Mythological creatures, like the Valkyrie and Cerberus, can level the playing field but also raise new problems if left unchecked
Unfortunately, such a belief is debatable. My initial thought upon hearing Skyward Collapse’s premise and that it would be cooperative was, “and how will that work exactly?” The answer is that it only partially does. Up to seven other friends may join you via direct IP addressing (i.e., you host a game and provide your friends your public IP address) or via LAN. Each player that joins gets his or her own set of actions to take per faction, same as you, but they use the same pool of resources available to either side as well. If you had plans to build a couple of barracks for the Norse, and your friend builds some other buildings, you may find yourself falling a bit short on resources.
There is an undo button, fortunately, that will undo all player’s actions, but this undo action is performed in the same order in which the actions were taken. So if your friend created two buildings and then you created some land to try and build a new town hall, you’ll undo your land creation first and then the buildings. Communication and planning is key in any kind of cooperative situation, and it is especially true in Skyward Collapse. If you and your friends act freely without a considering the actions of others or the resources that are available, you will quickly find yourselves at cross purposes.
When you and your co-creators work in unison, however, the additional actions that each player brings quickly become a welcome boon. Even if resources aren’t available for the construction of buildings, those actions can be used to drop a resource pile that may come in handy next round or create some more land to allow for eventual expansion. The most common problem you’ll run across when playing in single player is that you simply don’t have enough actions to do everything you need to do in one round.
Bandits make for a great common enemy, but that doesn't mean either side won't attempt a little backstabbing
While you can store your action points by skipping a round (points carry over from round to round if unused), taking no actions can be quite risky depending on the situation in which you find yourself. This strategy will also only yield so much as you can store, no more than nine points total. Thus, with even three friends jumping into the mix and helping out, you’ve exceeded the maximum number of actions you could take in a single round when playing solo. All of these actions become particularly important when playing on the harder difficulty levels.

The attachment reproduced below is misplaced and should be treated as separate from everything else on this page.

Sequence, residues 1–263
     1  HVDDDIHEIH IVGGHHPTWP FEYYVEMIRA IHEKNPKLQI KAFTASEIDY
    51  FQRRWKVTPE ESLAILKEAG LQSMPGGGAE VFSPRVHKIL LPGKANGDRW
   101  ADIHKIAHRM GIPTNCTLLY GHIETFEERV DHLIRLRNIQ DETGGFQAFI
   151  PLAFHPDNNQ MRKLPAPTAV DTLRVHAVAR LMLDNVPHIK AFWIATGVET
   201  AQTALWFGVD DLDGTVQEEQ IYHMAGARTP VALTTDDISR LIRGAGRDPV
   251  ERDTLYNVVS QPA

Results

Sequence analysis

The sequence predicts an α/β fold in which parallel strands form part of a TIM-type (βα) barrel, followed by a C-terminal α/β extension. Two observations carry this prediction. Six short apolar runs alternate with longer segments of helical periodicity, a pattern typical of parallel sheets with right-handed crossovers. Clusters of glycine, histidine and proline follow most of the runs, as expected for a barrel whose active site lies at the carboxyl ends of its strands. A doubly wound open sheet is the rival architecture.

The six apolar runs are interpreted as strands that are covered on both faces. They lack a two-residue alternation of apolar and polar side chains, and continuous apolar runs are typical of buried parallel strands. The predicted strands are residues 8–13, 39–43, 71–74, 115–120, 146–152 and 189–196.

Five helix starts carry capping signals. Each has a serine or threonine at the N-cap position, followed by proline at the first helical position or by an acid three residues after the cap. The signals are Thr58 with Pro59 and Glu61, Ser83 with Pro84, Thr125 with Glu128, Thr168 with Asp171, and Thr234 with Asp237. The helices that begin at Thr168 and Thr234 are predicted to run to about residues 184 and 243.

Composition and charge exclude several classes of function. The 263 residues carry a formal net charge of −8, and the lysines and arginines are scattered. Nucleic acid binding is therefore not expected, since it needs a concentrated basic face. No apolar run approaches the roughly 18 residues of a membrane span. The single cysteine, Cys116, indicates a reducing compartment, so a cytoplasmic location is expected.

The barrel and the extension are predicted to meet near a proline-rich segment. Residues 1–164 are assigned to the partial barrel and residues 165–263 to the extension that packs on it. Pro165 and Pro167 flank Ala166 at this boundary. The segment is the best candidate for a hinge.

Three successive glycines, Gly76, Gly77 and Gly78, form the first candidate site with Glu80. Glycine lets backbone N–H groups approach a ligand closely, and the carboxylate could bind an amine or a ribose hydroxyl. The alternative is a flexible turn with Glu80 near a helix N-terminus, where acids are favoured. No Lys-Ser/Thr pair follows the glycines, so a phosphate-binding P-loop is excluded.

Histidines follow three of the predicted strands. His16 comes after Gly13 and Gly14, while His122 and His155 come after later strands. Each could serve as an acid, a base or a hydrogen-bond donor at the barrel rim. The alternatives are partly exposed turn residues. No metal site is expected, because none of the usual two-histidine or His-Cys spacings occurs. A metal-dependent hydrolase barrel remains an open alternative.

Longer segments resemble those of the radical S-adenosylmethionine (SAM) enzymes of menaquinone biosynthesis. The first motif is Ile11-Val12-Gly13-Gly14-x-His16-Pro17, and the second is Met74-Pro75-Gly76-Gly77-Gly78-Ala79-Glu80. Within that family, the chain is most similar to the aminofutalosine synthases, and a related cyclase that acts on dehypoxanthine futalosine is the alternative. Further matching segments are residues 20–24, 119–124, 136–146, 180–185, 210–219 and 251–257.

The downside to playing with friends is that when things aren’t particularly in a dire way, you (and they) may wonder what they’re contributing to everything. Skyward Collapse, on the whole, isn’t comprised of those moments like in Left 4 Dead or Halo where you or your friend just barely manage to eke out a victory in the face of seemingly inevitable defeat. Victory only comes after the end of 90 rounds and is the cumulative result of hundreds of actions, most of which will be rather mundane. Actions that, if you’re being totally honest with yourself, you could have done without the aid of another. This isn’t particularly the fault of the game or its designers, these type of strategy games don’t usually lend themselves to a great amount of cooperation. Arcen has done what it can with the overall structure and objective of the game, as I cannot deny that having someone else there that creates land so I can get a new town started is helpful. At times, though, it does feel like others are there “just because.”
I find it incredible that close to two months after their last release, the zombie action puzzler Shattered Haven, Arcen Games has released yet another genre-bending title. Shattered Haven itself fell on the heels of A Valley Without Wind 2. Even for a studio that’s constantly working on a few different titles at once that still seems like a lot to release in such a short span of time. Despite that, Skyward Collapse doesn’t feel like a game that was rushed to market. There are pieces that are being tweaked and updated, but the core elements of the game are solid. If you’re a fan of strategy games, then Skyward Collapse is well worth the $5 price of admission to see these unique elements in play. If you’re looking for a solid co-op experience, however, you may find it to be a bit off the mark. Bringing along your friends can be helpful when you’re really in the thick of things and need some extra actions to help smooth it out, but the rest of the time you may find yourselves just idly chatting while the rounds go by.
I suppose even a creator’s gotta rest at some point.
The Co-Optimus review of Skyward Collapse is based on version 1.007. A copy of the game was provided by the developer for review purposes.
The Co-Op Experience: Up to 8 players can team up via Internet or LAN to work together to maintain balance between the Greeks and Norse. Each player gets 3 actions they can take per faction in a round and resources are shared amongst all players
Co-Optimus game reviews focus on the cooperative experience of a game, our final score graphic represents this experience along with an average score for the game overall. For an explanation of our scores please check our Review Score Explanation Guide.